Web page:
UBC Theses and Dissertations

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UBC Theses and Dissertations

How alcohol use in J. K. Rowling's Harry Potter perpetuates Victorian traditions of racism, sexism, and classism Buchanan, Mark Alexander Currie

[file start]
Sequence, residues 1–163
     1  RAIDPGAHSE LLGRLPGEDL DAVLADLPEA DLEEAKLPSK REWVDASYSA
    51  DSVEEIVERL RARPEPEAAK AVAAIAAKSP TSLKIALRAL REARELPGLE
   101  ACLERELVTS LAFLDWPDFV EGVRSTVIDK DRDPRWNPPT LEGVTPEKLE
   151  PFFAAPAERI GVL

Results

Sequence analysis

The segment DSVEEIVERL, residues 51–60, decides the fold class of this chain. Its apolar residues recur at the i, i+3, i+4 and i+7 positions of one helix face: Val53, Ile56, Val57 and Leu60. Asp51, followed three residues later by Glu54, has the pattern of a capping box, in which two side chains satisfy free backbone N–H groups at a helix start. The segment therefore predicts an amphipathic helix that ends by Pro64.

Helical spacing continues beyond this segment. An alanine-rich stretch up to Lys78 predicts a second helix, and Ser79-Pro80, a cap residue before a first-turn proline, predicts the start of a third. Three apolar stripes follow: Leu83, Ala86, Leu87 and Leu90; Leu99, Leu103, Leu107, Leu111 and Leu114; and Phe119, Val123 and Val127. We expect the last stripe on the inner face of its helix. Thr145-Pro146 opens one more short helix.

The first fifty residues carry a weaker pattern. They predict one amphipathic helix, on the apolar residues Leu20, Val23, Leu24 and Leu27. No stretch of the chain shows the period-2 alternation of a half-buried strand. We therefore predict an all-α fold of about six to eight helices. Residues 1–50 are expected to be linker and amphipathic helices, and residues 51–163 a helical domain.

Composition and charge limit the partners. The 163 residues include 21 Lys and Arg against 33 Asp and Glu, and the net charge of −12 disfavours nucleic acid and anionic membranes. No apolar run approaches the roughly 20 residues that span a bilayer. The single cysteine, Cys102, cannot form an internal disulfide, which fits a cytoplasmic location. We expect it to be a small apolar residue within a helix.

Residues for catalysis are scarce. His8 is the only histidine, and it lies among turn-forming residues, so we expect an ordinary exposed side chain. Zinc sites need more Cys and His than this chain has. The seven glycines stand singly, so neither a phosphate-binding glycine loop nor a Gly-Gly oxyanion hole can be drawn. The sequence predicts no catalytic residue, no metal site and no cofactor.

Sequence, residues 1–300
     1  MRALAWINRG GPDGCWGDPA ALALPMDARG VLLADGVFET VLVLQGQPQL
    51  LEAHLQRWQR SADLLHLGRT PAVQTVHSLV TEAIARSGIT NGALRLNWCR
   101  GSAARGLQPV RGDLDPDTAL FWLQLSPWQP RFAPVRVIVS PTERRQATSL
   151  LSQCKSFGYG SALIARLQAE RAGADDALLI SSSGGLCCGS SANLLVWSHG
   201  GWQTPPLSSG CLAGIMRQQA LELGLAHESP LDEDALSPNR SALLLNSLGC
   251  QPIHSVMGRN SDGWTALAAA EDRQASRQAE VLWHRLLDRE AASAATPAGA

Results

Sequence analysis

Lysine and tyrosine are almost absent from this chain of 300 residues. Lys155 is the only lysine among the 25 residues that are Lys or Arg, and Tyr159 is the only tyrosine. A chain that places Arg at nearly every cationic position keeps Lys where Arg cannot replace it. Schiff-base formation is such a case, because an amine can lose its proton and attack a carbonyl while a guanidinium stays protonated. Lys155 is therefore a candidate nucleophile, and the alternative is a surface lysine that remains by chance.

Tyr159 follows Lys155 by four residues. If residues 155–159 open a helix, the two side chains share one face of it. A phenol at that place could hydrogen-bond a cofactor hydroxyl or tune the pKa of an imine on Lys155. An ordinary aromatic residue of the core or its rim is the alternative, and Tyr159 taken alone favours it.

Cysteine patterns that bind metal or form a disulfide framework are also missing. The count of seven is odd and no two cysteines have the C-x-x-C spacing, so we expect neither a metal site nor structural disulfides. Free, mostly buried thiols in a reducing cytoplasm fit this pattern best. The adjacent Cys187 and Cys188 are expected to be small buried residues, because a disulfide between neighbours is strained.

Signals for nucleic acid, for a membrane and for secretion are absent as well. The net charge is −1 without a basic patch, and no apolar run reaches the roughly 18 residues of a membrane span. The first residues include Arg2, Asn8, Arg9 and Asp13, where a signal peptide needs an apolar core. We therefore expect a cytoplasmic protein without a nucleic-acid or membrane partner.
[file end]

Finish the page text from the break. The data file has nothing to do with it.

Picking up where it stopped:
This thesis examines the role of alcohol in the fantasy series Harry Potter by J. K. Rowling and analyses how the characters’ class, race, and species shape the portrayal of their alcohol use. The Harry Potter series consists of seven books, published between 1997 and 2007. Initially, these books were marketed towards children, and are often considered children’s literature, but they soon became popular with readers of all ages. While Rowling’s series is often said to promote diversity and propagate an antiracist message, my thesis argues the use of alcohol by non-human characters continues a tradition of late-Victorian racism that creates a hierarchy based on race and species. The text frames alcohol use by any characters other than the most privileged human wizards as morally wrong. The same characters who are non-human are also lower on the socioeconomic hierarchy, which reinforces the privileging of human-wizards. Close reading of the text through lenses of critical race theories of Sara Ahmed, Richard Dyer, and David Roediger and class theory of Louis Althusser, along with late-Victorian historical contexts, suggests that Harry Potter perpetuates Victorian traditions surrounding race and class through the portrayal of alcohol use. This thesis is divided into three chapters. Each chapter works to address a specific aspect of alcohol use within Harry Potter, in relation to late-Victorian traditions of racism, classism, sexism, or morality, building, incrementally, an intersectional and Althusserian analysis of drinking in the series. Chapter 1 looks at race and the way the magical community forces non-humans to internalize racism and attempt to “pass” as human-wizard. Chapter 2 considers how Ideological State Apparatuses function in the magical community to instil a sense of respectable drinking that favours the middle class, and especially paints men drinking as respectable and women drinking as improper. Chapter 3 examines Harry’s position as moral authority within the magical community by exploring dichotomies that place protagonists above antagonists and human-wizards above non-wizards, without regard for conventional morality or consent. All three chapters work to position analysis at the intersections of race, species, class, and gender.

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